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Date of Graduation

Spring 2011

Document Type


Degree Name

Master of Arts (MA)


Department of History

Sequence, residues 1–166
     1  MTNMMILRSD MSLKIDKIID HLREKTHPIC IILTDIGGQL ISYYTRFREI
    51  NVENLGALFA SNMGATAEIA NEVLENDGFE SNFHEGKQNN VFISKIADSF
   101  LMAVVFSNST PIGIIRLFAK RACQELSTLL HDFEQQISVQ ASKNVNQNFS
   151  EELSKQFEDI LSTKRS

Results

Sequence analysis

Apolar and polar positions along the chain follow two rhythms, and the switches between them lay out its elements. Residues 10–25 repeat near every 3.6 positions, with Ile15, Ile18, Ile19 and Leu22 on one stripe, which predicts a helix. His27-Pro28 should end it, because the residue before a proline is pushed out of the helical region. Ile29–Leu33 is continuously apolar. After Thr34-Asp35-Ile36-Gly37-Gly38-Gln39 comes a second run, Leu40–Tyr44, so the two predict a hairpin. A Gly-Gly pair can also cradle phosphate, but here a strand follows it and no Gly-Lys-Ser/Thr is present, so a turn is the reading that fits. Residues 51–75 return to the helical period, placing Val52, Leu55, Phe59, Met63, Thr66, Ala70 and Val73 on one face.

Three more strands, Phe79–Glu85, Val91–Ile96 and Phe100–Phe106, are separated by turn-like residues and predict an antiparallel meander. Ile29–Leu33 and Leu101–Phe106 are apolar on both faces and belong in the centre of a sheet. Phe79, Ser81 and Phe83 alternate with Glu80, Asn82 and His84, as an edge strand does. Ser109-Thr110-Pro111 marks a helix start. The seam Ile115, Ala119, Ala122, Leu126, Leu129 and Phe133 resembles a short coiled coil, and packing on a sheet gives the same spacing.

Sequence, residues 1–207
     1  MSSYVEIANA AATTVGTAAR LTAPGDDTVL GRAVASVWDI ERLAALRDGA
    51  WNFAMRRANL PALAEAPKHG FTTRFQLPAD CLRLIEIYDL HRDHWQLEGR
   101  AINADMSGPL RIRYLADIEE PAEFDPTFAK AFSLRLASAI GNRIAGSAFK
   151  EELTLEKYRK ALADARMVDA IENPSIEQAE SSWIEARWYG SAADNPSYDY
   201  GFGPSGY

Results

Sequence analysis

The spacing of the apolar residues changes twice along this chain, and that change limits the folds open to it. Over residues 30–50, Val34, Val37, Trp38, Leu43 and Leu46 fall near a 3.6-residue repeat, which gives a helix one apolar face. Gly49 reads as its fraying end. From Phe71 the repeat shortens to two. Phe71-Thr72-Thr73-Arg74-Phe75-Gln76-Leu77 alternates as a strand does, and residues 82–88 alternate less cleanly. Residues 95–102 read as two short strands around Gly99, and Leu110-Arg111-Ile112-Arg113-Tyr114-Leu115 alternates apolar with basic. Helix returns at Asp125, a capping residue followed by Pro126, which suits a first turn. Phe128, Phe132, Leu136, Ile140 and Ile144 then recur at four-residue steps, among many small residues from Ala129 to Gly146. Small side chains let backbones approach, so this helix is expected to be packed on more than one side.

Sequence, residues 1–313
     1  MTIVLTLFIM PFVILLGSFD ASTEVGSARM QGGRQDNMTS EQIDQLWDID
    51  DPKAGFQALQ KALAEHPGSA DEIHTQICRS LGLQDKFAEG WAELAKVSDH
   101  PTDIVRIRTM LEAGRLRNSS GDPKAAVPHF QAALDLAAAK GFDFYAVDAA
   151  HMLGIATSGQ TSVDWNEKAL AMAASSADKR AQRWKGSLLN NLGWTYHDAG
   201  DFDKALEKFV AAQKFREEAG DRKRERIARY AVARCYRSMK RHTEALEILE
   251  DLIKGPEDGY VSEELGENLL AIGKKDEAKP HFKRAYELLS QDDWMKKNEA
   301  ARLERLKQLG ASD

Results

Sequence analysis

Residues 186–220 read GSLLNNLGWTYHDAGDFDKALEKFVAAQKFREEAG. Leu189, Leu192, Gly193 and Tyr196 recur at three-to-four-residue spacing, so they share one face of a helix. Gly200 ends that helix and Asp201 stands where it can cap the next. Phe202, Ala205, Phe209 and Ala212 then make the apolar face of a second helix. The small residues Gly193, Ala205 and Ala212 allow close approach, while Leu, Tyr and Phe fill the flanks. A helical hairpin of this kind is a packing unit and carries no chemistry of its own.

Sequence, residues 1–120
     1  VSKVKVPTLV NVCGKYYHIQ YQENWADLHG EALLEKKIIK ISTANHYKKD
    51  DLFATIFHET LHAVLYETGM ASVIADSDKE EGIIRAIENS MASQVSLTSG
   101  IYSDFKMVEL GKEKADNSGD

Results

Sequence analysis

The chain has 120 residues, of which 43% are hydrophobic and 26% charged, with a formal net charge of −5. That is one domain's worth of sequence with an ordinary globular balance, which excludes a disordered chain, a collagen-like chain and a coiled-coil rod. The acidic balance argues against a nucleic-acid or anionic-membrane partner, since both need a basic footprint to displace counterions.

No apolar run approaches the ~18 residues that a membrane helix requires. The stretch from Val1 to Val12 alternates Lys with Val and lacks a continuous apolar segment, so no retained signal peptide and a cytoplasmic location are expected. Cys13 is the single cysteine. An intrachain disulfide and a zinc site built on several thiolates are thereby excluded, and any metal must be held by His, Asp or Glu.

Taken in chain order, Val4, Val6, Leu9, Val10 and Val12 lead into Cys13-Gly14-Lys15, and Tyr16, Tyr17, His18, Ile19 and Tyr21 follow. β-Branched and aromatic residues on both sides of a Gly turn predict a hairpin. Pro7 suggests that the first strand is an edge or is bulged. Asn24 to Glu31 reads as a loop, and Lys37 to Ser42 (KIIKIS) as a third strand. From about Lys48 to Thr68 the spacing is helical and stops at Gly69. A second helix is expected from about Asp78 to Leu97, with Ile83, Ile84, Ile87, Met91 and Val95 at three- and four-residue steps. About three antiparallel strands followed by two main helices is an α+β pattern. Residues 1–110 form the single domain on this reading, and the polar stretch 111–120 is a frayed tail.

This thesis will display the ways in which national security concerns played into the debate over whether Virginia should ratify the United States Constitution. The vast majority of primary sources used in this thesis come from speeches delivered by the representatives from throughout Virginia (which at this time included present-day West Virginia and Kentucky) in the Virginia Ratifying Convention. The three major areas which this thesis explores are the threat of war with other states, the threat of war with foreign nations, and the threat of slave insurrections. The chapter on threat of war with other states examines the possibility of an actual deterioration of the relationships between the states to the possible end of a civil war. It then examines the arguments made by the Federalists and Anti-Federalists over whether ratifying the Constitution would prevent this disaster from befalling the new nation, and if it would possibly remedy other issues which had arisen between the states. The chapter on the threat of war with foreign nations at first looks at the state of relations between the United States and its then-recent adversary, Great Britain, as well as the other European powers France, Spain, and the Netherlands. It will then examine the arguments made by each side of the ratification debate, as to whether ratification is necessary to improving relations with the other nations (especially with regards to the repayment of delinquent debts), as well as the ability of the new government formed under the Constitution to better arm itself against the possibility of foreign invasion. The third chapter covers the threat of slave rebellions, a constant fear for Southerners up until the end of the American Civil War. The Constitution’s twenty-year protection of the existence of the slave trade, as well as the lack of an explicit protection for the right to own slaves already held in the United States, led to extended arguments over whether the Constitution really made Virginia safer from the possibility of slave rebellions. This thesis will conclude that concerns about the security of the nation, and Virginia, were crucially important to the Virginia Ratification Debates.

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